Remember the elephants?
The elephants made me move to London.
In the summer of 2010 I dragged myself from the bleak docklands of Southampton to the bright lights of the Big Smoke to research my dissertation. Armed with a dictaphone and an A to Z, I haplessly fumbled my way around London, falling foul of the wrong branch of the Northern Line, spending 20 minutes in the Elephant and Castle rabbit warren subway, irritating bus travellers trying to tap out (big mistake). I felt like a clumsy blotch on a slick scene of beautiful people who were apparently born with an Oyster card and an extensive knowledge of the Northern Line. And I felt intimidated.
Then I saw the elephants and everything felt better.
The Elephant Parade made me realise that London wasn’t all suits, solemnity and ‘seek assistance’. It could be fun, kitsch and irreverent. Maybe it could accommodate someone who confused Mansion House with Manor House after all.
Fast forward a few years and London suddenly breaks out in a litany of brightly coloured over-sized Easter eggs. I’m flippin’ over the moon.
Unfamiliar with these incongruous ovoids? Over 200 giant decorative Easter eggs are hidden across the capital in this year’s Fabergé Big Egg Hunt. Designed by a host of artists, each egg is decked out in a unique style. Wealthy egg lovers can bid on the artworks, with the proceeds going to Action for Children and the Elephant Family.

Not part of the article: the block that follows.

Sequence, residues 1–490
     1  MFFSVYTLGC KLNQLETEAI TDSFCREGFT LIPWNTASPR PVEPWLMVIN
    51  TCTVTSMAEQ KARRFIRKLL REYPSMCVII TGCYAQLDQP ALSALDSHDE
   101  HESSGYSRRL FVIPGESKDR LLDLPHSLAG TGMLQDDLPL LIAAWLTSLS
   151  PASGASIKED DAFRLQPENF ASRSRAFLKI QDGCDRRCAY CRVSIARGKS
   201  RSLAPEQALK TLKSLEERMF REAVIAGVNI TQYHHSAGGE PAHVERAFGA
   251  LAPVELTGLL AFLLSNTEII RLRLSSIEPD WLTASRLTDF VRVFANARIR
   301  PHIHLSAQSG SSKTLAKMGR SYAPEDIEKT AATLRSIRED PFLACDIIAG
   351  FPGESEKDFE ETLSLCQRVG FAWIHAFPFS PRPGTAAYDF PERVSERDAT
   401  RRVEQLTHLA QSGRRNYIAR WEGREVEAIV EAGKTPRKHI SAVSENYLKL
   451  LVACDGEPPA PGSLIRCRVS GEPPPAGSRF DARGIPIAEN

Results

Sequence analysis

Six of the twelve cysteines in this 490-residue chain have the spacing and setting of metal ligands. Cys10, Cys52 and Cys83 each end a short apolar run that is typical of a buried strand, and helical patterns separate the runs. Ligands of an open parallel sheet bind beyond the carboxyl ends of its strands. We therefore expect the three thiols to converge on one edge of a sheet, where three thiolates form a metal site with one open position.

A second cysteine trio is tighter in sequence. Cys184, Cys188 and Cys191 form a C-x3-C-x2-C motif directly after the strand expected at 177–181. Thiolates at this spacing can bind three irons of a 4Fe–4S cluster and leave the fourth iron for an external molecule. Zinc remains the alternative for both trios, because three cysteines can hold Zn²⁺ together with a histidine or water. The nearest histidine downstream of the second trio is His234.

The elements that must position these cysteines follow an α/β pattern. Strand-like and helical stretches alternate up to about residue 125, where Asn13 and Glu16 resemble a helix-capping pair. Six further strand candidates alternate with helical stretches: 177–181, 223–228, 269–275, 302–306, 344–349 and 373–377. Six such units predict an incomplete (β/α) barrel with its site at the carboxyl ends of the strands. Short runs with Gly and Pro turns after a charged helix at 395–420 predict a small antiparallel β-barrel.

Sticking our search to Soho and Oxford Circus, we stumbled across (amongst others) this beaut…
Let me warn you, egg-hunting on Carnaby Street is surprisingly difficult. Sometimes it’s hard to distinguish between esoteric street art and an artfully suspended egg. Annoyingly Charlie could make that distinction. He spotted two floating artworks and rubbed this victory in my face for the next 24 hours.
As we approached a Russian-doll inspired egg near Oxford Circus, we had one of those Shaun of the Dead moments. You know – where Shaun’s crew bump into Yvonne and her band of survivors. So our lackadaisical egg-hunting group bumped into a bunch of militant egg-hunting anoraks, kitted out with clip boards, maps and pencils.
Cue horrible moment of self-doubt and fear of nerdiness by association. Our search was quickly abandoned. After 18 months in London, maybe we’ve contracted the self-consciousness that makes Londoners blush when they fumble their Oyster, wear chinos in Shoreditch or resemble a GSCE geography student on Oxford Street. Maybe London will do that to you.
Anyway if you have more backbone (and/or a clip-board), print off a map and get egg-hunting.
P.S. Keep your eyes peeled for the especially illusive Where’s Wally egg.